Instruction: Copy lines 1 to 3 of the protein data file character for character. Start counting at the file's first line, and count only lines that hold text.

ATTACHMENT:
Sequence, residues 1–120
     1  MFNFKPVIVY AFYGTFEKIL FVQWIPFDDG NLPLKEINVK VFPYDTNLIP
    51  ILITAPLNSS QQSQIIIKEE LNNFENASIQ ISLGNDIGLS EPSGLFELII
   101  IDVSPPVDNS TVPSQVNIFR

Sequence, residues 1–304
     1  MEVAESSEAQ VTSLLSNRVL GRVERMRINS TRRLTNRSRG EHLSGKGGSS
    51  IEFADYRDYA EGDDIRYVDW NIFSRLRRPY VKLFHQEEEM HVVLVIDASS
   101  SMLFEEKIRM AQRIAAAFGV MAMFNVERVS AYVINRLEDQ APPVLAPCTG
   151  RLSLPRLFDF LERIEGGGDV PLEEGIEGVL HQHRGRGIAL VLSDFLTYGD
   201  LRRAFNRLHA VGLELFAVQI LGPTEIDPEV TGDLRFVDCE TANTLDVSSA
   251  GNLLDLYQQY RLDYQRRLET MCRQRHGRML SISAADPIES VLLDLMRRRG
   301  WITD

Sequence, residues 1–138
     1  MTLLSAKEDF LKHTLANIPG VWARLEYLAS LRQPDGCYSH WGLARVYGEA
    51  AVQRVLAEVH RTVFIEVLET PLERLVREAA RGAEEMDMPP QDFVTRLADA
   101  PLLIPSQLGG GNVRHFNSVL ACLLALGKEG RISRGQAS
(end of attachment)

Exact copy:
Sequence, residues 1–120
     1  MFNFKPVIVY AFYGTFEKIL FVQWIPFDDG NLPLKEINVK VFPYDTNLIP
    51  ILITAPLNSS QQSQIIIKEE LNNFENASIQ ISLGNDIGLS EPSGLFELII